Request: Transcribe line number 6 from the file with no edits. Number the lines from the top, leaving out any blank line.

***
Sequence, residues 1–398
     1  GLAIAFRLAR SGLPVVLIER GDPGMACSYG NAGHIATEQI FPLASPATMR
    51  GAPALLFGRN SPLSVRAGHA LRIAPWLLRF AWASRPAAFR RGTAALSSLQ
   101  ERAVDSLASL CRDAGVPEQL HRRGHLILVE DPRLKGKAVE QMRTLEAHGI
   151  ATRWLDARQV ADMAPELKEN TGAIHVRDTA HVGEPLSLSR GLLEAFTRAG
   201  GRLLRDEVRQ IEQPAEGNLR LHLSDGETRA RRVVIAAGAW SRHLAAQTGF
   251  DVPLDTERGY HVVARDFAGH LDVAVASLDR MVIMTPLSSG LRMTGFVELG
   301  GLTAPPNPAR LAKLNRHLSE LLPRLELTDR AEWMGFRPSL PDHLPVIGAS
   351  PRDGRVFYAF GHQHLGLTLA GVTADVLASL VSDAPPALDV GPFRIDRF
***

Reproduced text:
   201  GRLLRDEVRQ IEQPAEGNLR LHLSDGETRA RRVVIAAGAW SRHLAAQTGF